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The Failure of the Beatles in America 1963

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The first US single in 1963

The first US single in 1963

The last single in a desperate attempt 1963

The last single in a desperate attempt 1963

In 1964, rare Beatle recording were issued like this recorded in 1961

In 1964, rare Beatle recording were issued like this recorded in 1961

America Was Not Ready For Long Hair

The first American record company to show any interest in the Beatles in late 1962 was Vee-Jay Records, an R+B label with several black artists. But before anything could be done about it, the company had to secure licensing agreements with EMI, which they did via the US firm, Transglobal Music, who had rights to all EMI artists. EMI used Transglobal to secure rights to American artists for the British market and Europe. When EMI bought Capitol Records, USA, for $8.5 million, EMI had an open door to license American artists and allowed first rights to any British EMI artists for America.

The Key Man at Capitol

Dave Dexter, a man in his 40's in 1962, was a jazz music lover and one that had a bias against rock\pop music. He would be the reason why the Beatles were rejected by Capitol Records over and over in 1963. Dave was the only man responsible for screening all foreign EMI artists. When the Beatles released their first single, Love Me Do, on Oct.5, 1962 in England, it was just mediocre release for the most part. Sometime in November, a copy landed on Dexter's desk in L.A. for review. After hearing it, it was rejected for John's harmonica. Dave did not think it belonged in a pop song. He dismissed the band as just "kids". The only success Capitol had was with Frank Sinatra and the Beach Boys.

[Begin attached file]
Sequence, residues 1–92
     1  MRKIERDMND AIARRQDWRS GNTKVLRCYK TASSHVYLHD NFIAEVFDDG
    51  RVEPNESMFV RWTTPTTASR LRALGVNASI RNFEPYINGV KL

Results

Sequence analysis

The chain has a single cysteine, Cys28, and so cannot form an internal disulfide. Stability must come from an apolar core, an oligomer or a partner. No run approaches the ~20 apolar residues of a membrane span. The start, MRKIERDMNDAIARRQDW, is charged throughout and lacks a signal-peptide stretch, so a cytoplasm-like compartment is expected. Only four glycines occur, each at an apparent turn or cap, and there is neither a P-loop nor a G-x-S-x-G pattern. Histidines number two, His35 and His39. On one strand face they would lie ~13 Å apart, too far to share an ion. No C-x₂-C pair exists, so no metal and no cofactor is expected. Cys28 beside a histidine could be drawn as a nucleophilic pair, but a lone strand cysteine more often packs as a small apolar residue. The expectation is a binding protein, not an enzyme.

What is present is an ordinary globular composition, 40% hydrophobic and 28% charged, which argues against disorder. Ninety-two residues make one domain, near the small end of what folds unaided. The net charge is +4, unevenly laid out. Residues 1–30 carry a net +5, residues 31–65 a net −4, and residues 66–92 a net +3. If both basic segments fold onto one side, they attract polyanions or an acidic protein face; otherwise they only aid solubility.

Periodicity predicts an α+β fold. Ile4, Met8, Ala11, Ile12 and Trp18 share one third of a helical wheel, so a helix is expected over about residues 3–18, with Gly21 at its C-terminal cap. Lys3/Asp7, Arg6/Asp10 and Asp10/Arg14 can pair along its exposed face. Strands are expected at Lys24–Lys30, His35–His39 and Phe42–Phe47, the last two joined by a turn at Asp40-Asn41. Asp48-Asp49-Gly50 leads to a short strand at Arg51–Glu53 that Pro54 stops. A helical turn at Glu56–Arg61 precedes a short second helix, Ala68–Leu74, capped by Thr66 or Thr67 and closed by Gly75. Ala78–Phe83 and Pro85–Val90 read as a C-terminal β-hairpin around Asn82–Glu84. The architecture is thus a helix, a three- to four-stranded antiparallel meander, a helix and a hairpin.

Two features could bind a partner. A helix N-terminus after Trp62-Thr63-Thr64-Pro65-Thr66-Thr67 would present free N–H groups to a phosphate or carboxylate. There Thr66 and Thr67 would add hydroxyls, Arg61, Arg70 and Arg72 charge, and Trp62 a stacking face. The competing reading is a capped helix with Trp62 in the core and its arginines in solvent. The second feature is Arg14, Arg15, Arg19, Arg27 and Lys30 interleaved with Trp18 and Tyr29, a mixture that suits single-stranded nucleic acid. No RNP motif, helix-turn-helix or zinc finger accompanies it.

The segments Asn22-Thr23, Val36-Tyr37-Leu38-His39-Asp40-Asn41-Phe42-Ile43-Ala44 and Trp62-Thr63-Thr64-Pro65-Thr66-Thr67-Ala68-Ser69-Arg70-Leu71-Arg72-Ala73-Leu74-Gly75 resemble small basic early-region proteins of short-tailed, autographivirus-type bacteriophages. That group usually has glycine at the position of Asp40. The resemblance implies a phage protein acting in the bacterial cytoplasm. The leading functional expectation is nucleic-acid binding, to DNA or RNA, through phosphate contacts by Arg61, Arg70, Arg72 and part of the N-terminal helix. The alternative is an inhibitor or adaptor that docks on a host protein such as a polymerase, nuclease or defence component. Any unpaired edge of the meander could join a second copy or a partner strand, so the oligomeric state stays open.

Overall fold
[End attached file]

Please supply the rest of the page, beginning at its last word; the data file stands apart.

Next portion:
The Beatles quickly released a follow-up single, Please Please Me, on Jan, 11, 1963. The first version of the song recorded was a slow, blues, song, which nobody was very happy with. It was later speeded up and altered. George Martin, the band's producer, declared it to be their first #1 song. They also had recorded, Tip of My Tongue, but that was rejected. In England, Please Please Me, was a huge success for them. By the end of December, Mr. Dexter had received and heard a copy of the song. Like before, he rejected the band with the same reason- John's harmonica did not belong in the song. When George Martin heard this, he flipped, but little could be done to force Capitol Records to release it in the USA.

Enter VJ Records

Since Capitol had rejected it, VJ, which also had a licensing agreement with EMI\Transglobal, was offered. EMI wanted the single to be released in the USA. Thus, VJ would receive 10% royalties. The song was released in the USA in February 1963, all 5,650 copies!

Airplay for the first Beatle song in the USA was minimal at best. The first disk jockey to play the single was at WLS. Dick Biondi played the single during his 9-12 slot. On the charts, the song never got passed #35 in the Top 100. Beating it in the ratings was Jan & Dean's song, Linda, at #9. The song had been written by Jack Lawrence for his six-year old daughter, Linda. Linda grew up to marry into the Eastman family and subsequently after divorce, married Paul McCartney, a Beatle! How strange is that? Also, at this time, the Beatles own idol as teens, Elvis, had a song in the #20 spot called, One Broken Heart For Sale.

In Canada

Back then, there was also a Capitol Records Canada. Their "Dave Dexter" was a Paul Wright, in charge of screening British artists. He was in his 50's then and was looking for something new and exciting. In January, 1963, he also had received the Beatles Love Me Do single for review and liked it very much. It was very different to the usual artists he heard and their look was new. He highly recommended its release, which was done on Feb. 22, 1963. He also had heard Please Please Me, That single was released in April 1963. Despite his own enthusiasm, Canadian youth, like Americans, rejected them. Love Me Do sold only 100 copies, while Please Please Me, just 180 copies!